For a second consecutive day, U.S. fighter jets intercepted Russian warplanes flying too close to American airspace near Alaska, military officials said Wednesday.
This latest incident happened Tuesday, as two pairs of F-22 fighters and an Airborne Warning And Control System, or AWACS, surveillance craft were sent to keep an eye on two Tu-95 bombers and a pair of Su-35 fighter jets, according to a statement by the North American Aerospace Defense Command.
The Russian aircraft remained in international skies and at no time entered U.S. or Canadian sovereign airspace, according to NORAD. But the Russian crafts were inside a buffer zone known as the Alaska Air Defense Identification Zone, officials said.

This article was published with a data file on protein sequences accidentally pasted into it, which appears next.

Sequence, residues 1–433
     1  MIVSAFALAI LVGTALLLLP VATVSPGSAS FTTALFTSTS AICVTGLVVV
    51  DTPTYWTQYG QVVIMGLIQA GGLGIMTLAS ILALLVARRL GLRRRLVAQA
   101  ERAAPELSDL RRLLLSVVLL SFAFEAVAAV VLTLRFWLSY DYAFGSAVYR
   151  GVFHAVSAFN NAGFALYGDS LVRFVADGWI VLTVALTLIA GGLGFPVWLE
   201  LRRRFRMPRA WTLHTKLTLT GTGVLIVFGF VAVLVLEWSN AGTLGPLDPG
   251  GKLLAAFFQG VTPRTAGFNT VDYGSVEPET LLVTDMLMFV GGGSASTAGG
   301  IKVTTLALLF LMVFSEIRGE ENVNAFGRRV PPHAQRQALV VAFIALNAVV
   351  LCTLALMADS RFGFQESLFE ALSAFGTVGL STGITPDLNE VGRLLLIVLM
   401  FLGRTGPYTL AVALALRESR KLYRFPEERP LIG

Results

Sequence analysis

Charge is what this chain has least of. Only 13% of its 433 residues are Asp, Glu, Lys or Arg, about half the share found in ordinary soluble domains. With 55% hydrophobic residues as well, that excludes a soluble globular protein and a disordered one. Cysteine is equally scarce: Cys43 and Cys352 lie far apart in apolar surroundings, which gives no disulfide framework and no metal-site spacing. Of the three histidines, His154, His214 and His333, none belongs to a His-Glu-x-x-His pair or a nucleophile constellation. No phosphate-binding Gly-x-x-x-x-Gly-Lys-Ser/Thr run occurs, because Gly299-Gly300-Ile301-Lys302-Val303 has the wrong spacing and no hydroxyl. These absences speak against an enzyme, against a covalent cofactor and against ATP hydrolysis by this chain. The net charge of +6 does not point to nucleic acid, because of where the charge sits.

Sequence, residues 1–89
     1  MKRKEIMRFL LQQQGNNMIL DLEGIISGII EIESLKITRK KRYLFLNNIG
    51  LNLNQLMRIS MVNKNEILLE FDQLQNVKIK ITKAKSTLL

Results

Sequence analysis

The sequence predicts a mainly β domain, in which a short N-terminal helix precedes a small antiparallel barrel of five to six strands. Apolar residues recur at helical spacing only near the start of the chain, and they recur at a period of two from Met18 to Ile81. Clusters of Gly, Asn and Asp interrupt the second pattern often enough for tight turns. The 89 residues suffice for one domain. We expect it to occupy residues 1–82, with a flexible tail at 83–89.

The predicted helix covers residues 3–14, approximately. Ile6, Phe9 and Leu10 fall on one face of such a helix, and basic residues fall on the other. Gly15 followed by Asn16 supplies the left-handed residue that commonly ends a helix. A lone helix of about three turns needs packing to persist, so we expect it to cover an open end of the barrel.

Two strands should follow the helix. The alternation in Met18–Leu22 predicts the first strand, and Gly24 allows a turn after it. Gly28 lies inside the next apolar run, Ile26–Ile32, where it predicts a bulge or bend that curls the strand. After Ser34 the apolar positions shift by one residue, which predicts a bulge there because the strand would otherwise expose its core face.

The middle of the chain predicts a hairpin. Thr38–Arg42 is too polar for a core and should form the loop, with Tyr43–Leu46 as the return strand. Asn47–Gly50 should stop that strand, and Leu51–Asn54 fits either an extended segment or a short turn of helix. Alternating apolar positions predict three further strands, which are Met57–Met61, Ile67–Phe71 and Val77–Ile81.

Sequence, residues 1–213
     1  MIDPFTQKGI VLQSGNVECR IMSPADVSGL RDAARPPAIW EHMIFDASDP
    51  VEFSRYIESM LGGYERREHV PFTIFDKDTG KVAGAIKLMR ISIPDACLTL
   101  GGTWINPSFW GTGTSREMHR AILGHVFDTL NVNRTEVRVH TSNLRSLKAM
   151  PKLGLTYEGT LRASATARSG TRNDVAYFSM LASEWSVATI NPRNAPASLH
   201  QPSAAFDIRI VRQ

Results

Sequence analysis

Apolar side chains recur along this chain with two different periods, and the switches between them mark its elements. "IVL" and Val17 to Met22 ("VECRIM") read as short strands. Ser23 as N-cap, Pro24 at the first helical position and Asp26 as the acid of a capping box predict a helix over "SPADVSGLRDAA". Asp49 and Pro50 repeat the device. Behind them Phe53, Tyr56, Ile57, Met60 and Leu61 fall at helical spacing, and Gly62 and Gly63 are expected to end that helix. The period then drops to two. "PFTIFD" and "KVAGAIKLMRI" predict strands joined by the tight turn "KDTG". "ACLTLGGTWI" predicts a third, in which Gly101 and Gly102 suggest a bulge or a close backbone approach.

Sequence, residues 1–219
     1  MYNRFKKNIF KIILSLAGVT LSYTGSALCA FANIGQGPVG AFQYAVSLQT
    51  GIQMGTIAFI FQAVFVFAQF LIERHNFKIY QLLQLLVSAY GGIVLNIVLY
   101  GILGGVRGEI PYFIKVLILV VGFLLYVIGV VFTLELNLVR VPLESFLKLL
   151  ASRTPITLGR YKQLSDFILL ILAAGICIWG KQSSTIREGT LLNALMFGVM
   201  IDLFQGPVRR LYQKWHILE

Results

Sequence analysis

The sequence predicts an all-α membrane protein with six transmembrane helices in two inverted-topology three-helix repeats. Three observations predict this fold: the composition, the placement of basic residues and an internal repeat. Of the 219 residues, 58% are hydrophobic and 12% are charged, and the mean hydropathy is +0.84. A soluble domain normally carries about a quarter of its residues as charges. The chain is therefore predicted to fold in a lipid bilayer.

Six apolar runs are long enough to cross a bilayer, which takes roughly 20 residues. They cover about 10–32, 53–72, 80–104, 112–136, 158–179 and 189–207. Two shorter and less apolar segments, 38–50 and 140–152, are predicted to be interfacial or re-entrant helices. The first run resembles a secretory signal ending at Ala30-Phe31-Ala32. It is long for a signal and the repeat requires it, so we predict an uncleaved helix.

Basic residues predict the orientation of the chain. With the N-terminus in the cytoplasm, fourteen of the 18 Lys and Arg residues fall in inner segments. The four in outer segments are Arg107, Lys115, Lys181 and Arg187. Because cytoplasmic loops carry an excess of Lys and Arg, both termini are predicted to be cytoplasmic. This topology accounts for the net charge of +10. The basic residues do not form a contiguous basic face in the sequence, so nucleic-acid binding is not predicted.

It was the second day in a row U.S. fighters have had to be dispatched to monitor Russian activities near Alaska, officials said.
"This is the fourth and fifth intercepts this year and the second day in a row that Russian bombers have flown into the Alaskan ADIZ," according to NORAD.
Russia's Ministry of Defense acknowledged Monday's incident, saying its planes were in the region on scheduled training exercises, but have not responded to Tuesday's activity.
NORAD averages about six to seven Russian intercepts a year, the joint American-Canadian defense operation said.